Total Recall: How Close are we to such technologies?

Total Recall: How Close are we to such technologies?


Last Friday I had the pleasure of heading to the theater and checking out the new Total Recall. As a fan of the 1990 Arnold-staring version, I hoped that this new remake would be just as much as a thrill ride as the first time around. How was it? I will keep this article as spoiler free as possible. For those who liked the original, seeing Total Recall transformed into a modern film is a huge treat. Those who know little about the 1990 film? Again, this is still a great ride if you like action movies that also have heavy technology use incorporated into the story line.

I will warn you that the movie does start out a little slowly, but don’t get frustrated and walk away. After a little bit, the movie starts packing in intense action and starts to get exciting pretty quickly. The story is engaging, and even if you’ve seen the original film, a few changes exist that doesn’t allow the plot to feel stale at all. As for the acting? The characters were believable in their roles, and I feel like they did a great job in choosing actors that truly fit the characters they are playing.

If I had to rate it from a scale of 1 to 10, I’d give this film a solid 8. It’s not perfect, but it keeps you entertained throughout the whole experience (except for the very beginning where it is just a bit too slow). Is it movie of the year material? No, but it is still a fun ride.

Almost more interesting to me than the movie itself though is the concept technology found in these two films. The 1990 version has already seen things come true in the 20+ years since its release, such as flat TVs on the wall (LCD TVs anyone?)- what about the newest chapter?

Memory Implanting Technology

The idea of implanting memories is probably the most ambitious technology in the two versions of the film. This seems so Sci-Fi that there is no way we will have such technology in just two decades, right? I wouldn’t be so sure so.

In today’s science labs, we might not be close to creating new memories, but we are working hard to create ‘recall’ tactics that can bring back long forgotten or repressed memories. A new method led by M.I.T.’s department of Brain and Cognitive Sciences have created a way to inject special medicine into mice allowing restoration of memory in mice after significant numbers of neurons where already lost in the brain.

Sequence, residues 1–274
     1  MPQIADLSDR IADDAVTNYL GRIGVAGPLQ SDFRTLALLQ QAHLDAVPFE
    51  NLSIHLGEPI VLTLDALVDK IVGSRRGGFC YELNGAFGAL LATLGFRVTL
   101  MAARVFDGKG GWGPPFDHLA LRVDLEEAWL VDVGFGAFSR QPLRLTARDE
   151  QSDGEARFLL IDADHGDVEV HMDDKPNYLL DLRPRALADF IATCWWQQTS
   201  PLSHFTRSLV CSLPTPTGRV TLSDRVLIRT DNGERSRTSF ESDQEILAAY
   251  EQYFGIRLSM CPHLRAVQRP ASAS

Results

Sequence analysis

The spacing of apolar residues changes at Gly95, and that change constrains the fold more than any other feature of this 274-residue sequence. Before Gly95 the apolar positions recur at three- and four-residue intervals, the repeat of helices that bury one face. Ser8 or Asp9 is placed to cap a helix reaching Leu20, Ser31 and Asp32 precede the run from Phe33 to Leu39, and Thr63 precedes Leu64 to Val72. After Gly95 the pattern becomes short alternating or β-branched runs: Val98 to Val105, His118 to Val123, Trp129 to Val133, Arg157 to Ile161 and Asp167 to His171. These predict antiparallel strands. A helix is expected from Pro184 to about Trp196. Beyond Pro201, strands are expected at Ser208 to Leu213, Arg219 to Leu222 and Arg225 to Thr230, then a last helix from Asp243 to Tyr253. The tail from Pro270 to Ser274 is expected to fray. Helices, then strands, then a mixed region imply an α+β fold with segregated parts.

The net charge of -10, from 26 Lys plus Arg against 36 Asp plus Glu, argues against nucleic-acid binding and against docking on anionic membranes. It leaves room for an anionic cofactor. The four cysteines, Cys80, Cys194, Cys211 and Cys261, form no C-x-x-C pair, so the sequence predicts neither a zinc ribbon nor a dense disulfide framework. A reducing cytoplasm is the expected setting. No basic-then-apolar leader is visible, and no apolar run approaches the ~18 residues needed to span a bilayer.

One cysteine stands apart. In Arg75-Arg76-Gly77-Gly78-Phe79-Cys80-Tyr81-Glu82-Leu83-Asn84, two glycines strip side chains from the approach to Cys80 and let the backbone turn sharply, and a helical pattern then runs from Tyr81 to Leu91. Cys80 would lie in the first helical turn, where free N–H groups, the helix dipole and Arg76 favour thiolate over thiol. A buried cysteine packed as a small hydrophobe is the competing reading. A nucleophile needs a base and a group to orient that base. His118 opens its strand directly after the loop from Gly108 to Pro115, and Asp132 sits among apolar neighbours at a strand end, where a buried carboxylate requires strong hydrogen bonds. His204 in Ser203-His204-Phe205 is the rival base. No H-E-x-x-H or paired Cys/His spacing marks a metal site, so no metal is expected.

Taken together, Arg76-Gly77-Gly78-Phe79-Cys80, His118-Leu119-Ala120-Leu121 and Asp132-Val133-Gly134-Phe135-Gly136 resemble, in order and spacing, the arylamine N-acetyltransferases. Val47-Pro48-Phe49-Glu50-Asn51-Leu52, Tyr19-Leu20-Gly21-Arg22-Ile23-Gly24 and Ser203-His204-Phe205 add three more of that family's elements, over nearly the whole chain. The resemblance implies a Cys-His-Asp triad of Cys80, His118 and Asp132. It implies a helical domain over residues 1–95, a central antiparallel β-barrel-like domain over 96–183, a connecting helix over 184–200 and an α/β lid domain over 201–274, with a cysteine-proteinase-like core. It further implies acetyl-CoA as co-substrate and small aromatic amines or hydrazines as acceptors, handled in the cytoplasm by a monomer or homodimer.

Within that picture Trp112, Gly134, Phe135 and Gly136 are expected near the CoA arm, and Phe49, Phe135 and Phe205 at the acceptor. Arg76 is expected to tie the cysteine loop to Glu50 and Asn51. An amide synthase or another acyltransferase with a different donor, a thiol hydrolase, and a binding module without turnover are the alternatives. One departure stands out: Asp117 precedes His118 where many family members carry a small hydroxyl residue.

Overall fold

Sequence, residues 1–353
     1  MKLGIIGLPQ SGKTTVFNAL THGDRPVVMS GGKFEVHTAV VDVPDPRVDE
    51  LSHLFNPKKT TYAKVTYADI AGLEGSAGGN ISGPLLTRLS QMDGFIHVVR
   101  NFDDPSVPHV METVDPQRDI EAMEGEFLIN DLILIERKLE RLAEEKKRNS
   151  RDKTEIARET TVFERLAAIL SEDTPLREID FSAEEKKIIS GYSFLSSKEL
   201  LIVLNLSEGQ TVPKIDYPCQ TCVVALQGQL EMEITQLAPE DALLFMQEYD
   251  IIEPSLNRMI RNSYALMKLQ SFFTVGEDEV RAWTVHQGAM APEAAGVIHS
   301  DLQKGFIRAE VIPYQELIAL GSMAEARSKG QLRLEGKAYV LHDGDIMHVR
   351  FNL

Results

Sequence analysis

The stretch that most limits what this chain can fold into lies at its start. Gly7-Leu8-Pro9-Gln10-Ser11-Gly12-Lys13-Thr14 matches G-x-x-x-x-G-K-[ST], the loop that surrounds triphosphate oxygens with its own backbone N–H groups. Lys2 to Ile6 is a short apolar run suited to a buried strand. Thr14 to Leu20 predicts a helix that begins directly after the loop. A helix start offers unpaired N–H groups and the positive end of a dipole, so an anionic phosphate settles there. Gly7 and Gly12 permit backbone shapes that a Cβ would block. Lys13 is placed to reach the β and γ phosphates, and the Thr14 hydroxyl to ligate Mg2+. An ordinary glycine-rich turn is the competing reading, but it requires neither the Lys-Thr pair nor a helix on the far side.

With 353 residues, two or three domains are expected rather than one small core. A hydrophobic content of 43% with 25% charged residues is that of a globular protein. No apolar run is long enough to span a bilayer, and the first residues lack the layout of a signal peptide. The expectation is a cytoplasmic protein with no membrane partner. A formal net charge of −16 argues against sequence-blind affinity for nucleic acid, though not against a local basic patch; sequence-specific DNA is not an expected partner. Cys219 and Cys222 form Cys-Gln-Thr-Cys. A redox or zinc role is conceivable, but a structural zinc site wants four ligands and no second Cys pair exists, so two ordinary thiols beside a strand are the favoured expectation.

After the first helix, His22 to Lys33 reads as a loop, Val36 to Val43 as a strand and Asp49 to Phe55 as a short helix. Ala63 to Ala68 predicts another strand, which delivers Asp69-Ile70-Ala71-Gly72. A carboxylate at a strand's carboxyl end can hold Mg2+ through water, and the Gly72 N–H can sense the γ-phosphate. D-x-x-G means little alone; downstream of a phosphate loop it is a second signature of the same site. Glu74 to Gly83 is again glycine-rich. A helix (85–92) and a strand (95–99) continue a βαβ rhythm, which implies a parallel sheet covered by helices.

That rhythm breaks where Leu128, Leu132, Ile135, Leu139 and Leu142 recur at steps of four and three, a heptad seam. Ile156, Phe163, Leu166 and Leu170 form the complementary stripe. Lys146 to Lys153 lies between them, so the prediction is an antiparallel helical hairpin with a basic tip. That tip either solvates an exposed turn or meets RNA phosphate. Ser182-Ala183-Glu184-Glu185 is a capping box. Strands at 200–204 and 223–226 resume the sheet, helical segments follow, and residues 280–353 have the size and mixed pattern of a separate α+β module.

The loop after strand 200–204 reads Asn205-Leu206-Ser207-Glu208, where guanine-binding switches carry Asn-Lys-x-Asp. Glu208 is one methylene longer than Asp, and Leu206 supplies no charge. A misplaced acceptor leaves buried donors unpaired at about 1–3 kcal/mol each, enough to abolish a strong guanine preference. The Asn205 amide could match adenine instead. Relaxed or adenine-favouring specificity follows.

This may not be as sophisticated as anything seen in the movie Total Recall, but it still could have a major impact when helping with Alzheimer’s disease or even helping those that had accidents that caused the damage of neurons in the brain.

Photo: Toronto Updates

Magnetically Levitating Cars

The cars in Total Recall weren’t of the totally roadless variety, instead they used elevated tracks that used magnetic force. Could this happen? Actually yes- sort of. The Tel Aviv University has already created a small scale puck that uses “quantum levitation” and a track that it can float around on. While no where near as sophisticated as you’ll see in the movie, it’s clear that the technology is possible- even if we aren’t quite there yet.

What’s worth noting is that the original 1990 version of Total Recall had its own ‘revolutionary’ car system, a vehicle that could drive itself. For those who don’t know, Google is doing that right now with its self-driving automobile.

Are We There Yet?

Alright, so we aren’t quite able to do the things found in the movie just yet, but give us 20+ years and it’s hard to say where we will be. Other unique technologies found in the movie include a telephone that is embedded in the palm of the hand. This phone is nothing short of awesome. Slamming it up against glass turns it into a Skype-like video conferencing device or a full fledged touch-based computer when pressed against the glass.

When it comes to the phone, we are nowhere near such a tech level, though we are now starting to move into the territory of wearable devices. Emerging technologies like flexible glass are all part of the process that will lead the way to such innovations.

We may not be able to do have the stuff found in Total Recall just yet, but something tells me we won’t have to wait to the very end of the 21st century to get half the technologies that made appearances in the movie. Other things in the movie, like the fridge that is totally a touch surface for writing notes and such, essentially already exists. Many refrigerators on the market today already have small touch panels built into them for watching TV and leaving notes, such as the Samsung WIFI refrigerator.

Have you seen Total Recall yet? What did you think? How close do you think we are to some of the technology found in the movie?